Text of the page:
Review medications-Where possible stop offending medications as antacids , phosphate binders
 
IV treatment may also be needed for symptomatic patients with moderate hypophosphatemia who cannot tolerate oral replacement for e.g
 malabsorption diarrhoea nil by mouth
 
Oral phosphate replacement -Phosphate sandoz® ( 16.1 mmol / tab ) effervescent Upto 6 tablets / day adjusted according to response for eg 1-2 tablets tds Advice to take with tumberful of water Each tablet also contains 20.4 mmol of Na and 3.1 mmol of K+ ( exercise caution in patients with CCF , hypertension ) Avoid taking with aluminium , calcium or magnesium salts as these will bind phosphate and reduce its absorption Diarrhoea is a common SE of oral phosphate therapy Exercise caution in patients with severe renal replacement and seek advice Concomitant hypocalcemia should also be corrected before treating hypophosphatemia before treatment ( to prevent further hypocalcemia ) Very few studies exist where efficacy and safety of oral replacement has been studied , E Engwerda et al ( 2018 ) have reported findngs from a small retrospective cohort study that individualised phosphate replacement was effective and safe for both moderate and severe hypophosphataemia , but was more accurate in moderate hypophosphataemia
 
It is difficult to find guidance on how frequently the phosphate level should be monitored. The author could only find one protocol from Maidstone and Tunbridge Wells NHS Trust which recommends to check levels daily and stop treatment when level is above 0.8 mmol / L
References

  1. Leung JCrook M
    Disorders of phosphate metabolism
  2. Sharma S, Hashmi MF, Castro D. Hypophosphatemia. [Updated 2020 Nov 19]. In: StatPearls [Internet]. Treasure Island (FL): StatPearls Publishing; 2020 Jan-. Available from: https://www.ncbi.nlm.nih.gov/books/NBK493172/
  3. Labpedia Phosphorus Phosphorus (P), Inorganic Phosphate (PO4), Inorganic Phosphorus – Labpedia.net
  4. Maidstone and Tunbridge Wells NHS Trust hypophosphataemia-quick-guide.pdf (formularywkccgmtw.co.uk)
  5. Worcestershire Acute Hospitals NHS Trust Acute treatment of Hypophosphataemia Guidelines
  6. GGC Medicines Adult Therapeutics handbook – Management of Hypophosphataemia Management of Hypophosphataemia (ggcmedicines.org.uk)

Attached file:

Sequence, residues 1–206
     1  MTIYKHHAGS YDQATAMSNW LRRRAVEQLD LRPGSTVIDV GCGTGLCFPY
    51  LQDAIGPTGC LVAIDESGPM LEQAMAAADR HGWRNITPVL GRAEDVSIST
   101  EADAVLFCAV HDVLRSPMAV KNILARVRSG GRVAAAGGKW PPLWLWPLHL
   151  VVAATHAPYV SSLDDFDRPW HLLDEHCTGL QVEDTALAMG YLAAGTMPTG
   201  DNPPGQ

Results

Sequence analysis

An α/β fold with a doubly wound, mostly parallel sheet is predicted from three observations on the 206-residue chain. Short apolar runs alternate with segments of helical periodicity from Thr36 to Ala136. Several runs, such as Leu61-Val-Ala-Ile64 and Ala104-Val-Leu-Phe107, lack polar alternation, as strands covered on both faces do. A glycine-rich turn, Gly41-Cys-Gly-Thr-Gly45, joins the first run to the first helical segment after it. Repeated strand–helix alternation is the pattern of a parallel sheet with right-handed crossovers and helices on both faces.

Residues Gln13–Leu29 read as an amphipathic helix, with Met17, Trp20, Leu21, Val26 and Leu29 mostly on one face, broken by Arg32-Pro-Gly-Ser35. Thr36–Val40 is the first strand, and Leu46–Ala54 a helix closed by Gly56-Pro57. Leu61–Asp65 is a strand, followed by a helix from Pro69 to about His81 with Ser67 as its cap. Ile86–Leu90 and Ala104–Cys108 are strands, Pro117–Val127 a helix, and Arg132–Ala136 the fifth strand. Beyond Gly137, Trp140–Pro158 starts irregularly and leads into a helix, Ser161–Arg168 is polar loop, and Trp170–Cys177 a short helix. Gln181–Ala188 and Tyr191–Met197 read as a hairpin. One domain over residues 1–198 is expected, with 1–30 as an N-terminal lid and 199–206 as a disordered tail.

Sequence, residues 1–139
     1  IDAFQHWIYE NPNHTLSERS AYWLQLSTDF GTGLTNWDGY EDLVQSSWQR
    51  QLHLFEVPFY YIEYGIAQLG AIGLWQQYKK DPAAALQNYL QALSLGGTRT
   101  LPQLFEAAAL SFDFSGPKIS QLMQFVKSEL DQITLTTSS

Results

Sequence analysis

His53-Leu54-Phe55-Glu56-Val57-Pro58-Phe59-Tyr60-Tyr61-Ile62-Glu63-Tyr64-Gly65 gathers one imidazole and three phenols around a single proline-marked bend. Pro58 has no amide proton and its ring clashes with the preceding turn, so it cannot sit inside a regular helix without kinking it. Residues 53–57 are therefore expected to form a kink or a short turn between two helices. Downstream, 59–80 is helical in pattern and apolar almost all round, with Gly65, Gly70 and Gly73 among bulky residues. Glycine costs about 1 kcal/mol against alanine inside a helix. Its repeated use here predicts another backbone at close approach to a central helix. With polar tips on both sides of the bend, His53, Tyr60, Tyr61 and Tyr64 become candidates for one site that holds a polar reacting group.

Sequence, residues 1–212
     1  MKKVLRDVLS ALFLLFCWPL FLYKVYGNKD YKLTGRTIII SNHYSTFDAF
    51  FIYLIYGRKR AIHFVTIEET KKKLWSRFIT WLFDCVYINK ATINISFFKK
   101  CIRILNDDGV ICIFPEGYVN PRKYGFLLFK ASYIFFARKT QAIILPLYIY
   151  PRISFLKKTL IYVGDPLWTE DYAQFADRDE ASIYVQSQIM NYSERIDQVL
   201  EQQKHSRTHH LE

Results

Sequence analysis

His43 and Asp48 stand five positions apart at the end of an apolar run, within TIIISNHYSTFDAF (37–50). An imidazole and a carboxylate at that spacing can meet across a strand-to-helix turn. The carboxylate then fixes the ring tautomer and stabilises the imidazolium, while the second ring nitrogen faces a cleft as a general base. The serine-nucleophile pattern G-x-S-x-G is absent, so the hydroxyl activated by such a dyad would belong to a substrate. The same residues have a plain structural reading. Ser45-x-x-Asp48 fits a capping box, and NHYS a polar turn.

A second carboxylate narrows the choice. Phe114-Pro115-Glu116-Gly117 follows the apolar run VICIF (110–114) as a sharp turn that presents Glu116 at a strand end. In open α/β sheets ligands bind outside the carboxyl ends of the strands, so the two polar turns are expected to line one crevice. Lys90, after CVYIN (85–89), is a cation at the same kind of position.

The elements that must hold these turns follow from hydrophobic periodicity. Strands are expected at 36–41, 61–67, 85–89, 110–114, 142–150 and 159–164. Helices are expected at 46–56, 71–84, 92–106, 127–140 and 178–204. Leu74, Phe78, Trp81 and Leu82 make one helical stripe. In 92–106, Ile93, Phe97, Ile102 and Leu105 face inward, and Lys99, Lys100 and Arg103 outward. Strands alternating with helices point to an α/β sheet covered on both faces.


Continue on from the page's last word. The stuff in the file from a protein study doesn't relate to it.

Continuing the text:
7. The Essentials of Calcium, Magnesium and
    Phosphate Metabolism: Part I. Physiology
    S. B. BAKER, L. I. G. WORTHLEY
    Department of Critical Care Medicine, Flinders University of South Australia, Adelaide, SOUTH AUSTRALIA Critical Care and Resuscitation 2002; 4: 301-306 Australasian (cicm.org.au)
  8. Shaker JL, Deftos L. Calcium and Phosphate Homeostasis. [Updated 2018 Jan 19]. In: Feingold KR, Anawalt B, Boyce A, et al., editors. Endotext [Internet]. South Dartmouth (MA): MDText.com, Inc.; 2000-. Available from: https://www.ncbi.nlm.nih.gov/books/NBK279023/
  9. Arnold J. Felsenfeld, Barton S. Levine,
    Approach to Treatment of Hypophosphatemia,
    American Journal of Kidney Diseases,
    Volume 60, Issue 4, 2012, Pages 655-661, ISSN 0272-6386,
    https://doi.org/10.1053/j.ajkd.2012.03.024. ( Abstract )
    (http://www.sciencedirect.com/science/article/pii/S0272638612009456)
  10. How is acute hypophosphataemia treated in adults? · Leeds Medicines Information Centre
  11. Imel, Erik A, and Michael J Econs. “Approach to the hypophosphatemic patient.” The Journal of clinical endocrinology and metabolism vol. 97,3 (2012): 696-706. doi:10.1210/jc.2011-1319
  12. Hypophosphataemia – Josh Farkas the Internet Book of Critical Care hypophos.pdf (emcrit.org)
  13. Hypophosphatemia: an evidence-based approach
    to its clinical consequences and management
    Jamshid Amanzadeh* and Robert F Reilly, Jr www.nature.com/clinicalpractice
    doi:10.1038/ncpneph0124
  14. Engwerda E, van den Berg M, Blans M, Bech A, de Boer H. Efficacy and safety of a phosphate replacement strategy for severe hypophosphatemia in the ICU. Neth J Med. 2018 Dec;76(10):437-441. PMID: 30569887. ( Abstract )
  15. Phosphate homeostasis and disorders
    P Manghat1 , R Sodi2 and R Swaminathan Annals of Clinical Biochemistry
    2014, Vol. 51(6) 631–656